Awakening to the spirit and beauty of the northern Great Plains
Tuesday, April 27, 2010
Unintended consequences of a bounty (and good news and a nasty rumour)
Photo by Rick Price
This disturbing image is from a news story about the Saskatchewan coyote bounty spilling over the border into Alberta. Saskatchewan “hunters” were going into wild places like the Cypress Hills in Alberta to shoot coyotes. After cutting off their paws to turn in for the $20 bounty, they dumped the carcasses in front of a farm near Elkwater. Read the story here.
There is some good news on the coyote bounty, though. After hearing from Nature Saskatchewan and other groups, including the Saskatchewan Wildlife Federation, the provincial government has introduced a new initiative to compensate farmers for damage caused by predators. This new program will pay farmers 100 per cent of the market value of livestock killed by coyotes or other predator animals. It will also pay farmers up to 80% of market value for any animal that is injured by a predator enough to require veterinary attention.
At the same time, however, I keep hearing rumours that Saskatchewan Agriculture has approved the use of the infamous 1080 poison to kill livestock predators. It's bad enough that farmers are being encouraged to use strychnine to kill Richardson’s ground squirrels (RGS, commonly known as “gophers”). The Saskatchewan Government extended the Gopher Control Rebate Program for 2010. It provides a 50% rebate to producers and Rural Municipalities for the cost of gopher control products. The federal Pest Management Regulatory Agency has also approved the provincial government's application to extend the emergency registration of strychnine to July 31, 2010. (source: Nature Saskatchewan). Like the coyote bounty, poisoning gophers has significant unintended consequences.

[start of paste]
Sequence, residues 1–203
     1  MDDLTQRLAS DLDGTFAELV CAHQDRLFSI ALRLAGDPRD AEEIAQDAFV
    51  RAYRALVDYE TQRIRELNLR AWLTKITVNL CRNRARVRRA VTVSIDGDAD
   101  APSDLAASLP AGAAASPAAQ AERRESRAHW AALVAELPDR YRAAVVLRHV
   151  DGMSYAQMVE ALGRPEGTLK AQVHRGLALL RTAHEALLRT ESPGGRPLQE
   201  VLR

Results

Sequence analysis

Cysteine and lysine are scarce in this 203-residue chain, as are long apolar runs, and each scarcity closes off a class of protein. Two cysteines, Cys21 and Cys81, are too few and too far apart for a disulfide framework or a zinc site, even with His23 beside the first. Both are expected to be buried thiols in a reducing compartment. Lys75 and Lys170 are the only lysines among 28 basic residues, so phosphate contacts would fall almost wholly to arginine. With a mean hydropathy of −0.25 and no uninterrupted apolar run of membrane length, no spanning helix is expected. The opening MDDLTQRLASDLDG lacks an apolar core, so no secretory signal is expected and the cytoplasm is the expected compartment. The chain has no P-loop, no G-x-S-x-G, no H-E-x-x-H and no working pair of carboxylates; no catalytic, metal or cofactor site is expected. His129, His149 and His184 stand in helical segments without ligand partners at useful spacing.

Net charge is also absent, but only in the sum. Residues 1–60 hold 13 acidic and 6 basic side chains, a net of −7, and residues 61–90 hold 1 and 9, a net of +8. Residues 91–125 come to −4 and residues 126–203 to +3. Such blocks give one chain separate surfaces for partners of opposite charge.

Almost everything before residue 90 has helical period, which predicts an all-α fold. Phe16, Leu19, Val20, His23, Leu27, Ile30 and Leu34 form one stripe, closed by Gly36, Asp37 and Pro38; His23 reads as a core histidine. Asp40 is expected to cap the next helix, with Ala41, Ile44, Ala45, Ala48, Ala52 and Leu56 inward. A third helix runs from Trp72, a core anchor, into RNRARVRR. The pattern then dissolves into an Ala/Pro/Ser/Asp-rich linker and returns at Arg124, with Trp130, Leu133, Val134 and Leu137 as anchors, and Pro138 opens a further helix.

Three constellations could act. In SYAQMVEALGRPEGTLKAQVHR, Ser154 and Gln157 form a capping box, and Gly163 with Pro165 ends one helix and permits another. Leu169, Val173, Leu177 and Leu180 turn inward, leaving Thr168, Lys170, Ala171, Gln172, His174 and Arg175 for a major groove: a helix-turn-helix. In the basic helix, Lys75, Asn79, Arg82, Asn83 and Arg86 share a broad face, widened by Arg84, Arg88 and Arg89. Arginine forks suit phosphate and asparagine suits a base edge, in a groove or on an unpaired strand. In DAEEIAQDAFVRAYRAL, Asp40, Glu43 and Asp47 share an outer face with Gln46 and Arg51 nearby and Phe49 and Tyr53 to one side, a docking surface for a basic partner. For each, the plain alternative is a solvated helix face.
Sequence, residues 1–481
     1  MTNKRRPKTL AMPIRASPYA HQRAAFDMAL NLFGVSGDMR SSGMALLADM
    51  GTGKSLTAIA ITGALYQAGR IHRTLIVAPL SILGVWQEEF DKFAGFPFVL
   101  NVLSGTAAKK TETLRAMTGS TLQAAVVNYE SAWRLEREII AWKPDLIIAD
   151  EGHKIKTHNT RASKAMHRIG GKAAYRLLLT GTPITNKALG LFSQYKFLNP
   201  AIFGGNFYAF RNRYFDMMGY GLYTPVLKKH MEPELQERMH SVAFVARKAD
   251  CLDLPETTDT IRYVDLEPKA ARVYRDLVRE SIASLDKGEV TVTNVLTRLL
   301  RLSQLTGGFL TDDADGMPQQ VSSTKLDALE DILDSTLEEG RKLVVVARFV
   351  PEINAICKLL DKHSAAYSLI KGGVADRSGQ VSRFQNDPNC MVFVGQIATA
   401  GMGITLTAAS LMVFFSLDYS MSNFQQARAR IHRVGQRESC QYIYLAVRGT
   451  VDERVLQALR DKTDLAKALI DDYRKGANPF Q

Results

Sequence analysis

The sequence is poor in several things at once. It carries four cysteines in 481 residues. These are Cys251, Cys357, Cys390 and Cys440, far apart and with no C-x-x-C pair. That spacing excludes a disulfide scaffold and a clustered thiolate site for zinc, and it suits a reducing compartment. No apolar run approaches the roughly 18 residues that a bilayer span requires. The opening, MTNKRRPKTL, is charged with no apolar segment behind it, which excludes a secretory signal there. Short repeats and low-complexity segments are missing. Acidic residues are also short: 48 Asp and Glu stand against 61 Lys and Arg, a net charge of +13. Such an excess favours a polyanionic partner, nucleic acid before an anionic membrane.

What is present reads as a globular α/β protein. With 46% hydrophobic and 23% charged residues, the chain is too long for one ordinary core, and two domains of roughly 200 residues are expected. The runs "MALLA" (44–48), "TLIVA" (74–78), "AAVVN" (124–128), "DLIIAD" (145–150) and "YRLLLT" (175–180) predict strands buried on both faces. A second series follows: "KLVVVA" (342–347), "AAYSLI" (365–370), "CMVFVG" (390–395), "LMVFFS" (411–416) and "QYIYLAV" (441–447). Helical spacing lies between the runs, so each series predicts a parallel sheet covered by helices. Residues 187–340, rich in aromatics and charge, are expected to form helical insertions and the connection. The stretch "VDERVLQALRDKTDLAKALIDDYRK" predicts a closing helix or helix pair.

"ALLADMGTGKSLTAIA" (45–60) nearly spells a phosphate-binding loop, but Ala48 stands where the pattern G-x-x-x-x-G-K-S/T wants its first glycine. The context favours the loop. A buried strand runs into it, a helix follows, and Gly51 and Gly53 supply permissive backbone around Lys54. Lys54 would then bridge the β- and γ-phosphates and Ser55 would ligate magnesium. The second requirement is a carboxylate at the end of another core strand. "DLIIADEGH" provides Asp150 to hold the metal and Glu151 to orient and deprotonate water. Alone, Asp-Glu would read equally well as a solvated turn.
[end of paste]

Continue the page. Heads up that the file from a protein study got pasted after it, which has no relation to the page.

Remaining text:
At the Prairie Conservation and Endangered Species Conference in Winnipeg a few weeks ago, one of the most startling posters presenting recent research came from Alberta's Gilbert Proulx, Director of Science, Alpha Wildlife Research and Management. Here is a quote from the poster's abstract: "Although it is known that the use of indiscriminate poisons poses potential threats to wildlife, since 2008, southwest Saskatchewan farmers have used large quantities of 0.4% strychnine (acute poison available as freshly mixed and ready-to-use baits ) and chlorophacinone (anticoagulant causing fatal hemorrhages) to control ground squirrel populations. In the last 2 years, I have gathered field evidence that both strychnine and chlorophacinone efficiently controlled ground squirrels but also killed a diversity of songbirds, small mammals (mice and voles), and predators including raptors, canids, American badger (Taxidea taxus),and long-tailed weasel (Mustela frenata)."
Among the non-target species found dead around the strychnine bait stations on Proulx's study sites were Horned Lark, Chestnut-collared Longspur (new to the threatened species list), Western Meadowlark, and Vesper Sparrow.
High populations of Richardson's ground squirrels (as the Sask. Agriculture website itself tentatively admits) result from bad grazing practices. Ranchers who find ways to treat their grass well don't have problems with RGS. Don't get me started on the decline of predators--including the threatened Ferruginous Hawk, which feeds its young nothing but ground squirrels, and badgers. Coyotes too, of course, eat a lot of ground squirrels, so the circle of unintended consequences goes round and round chasing its own tail.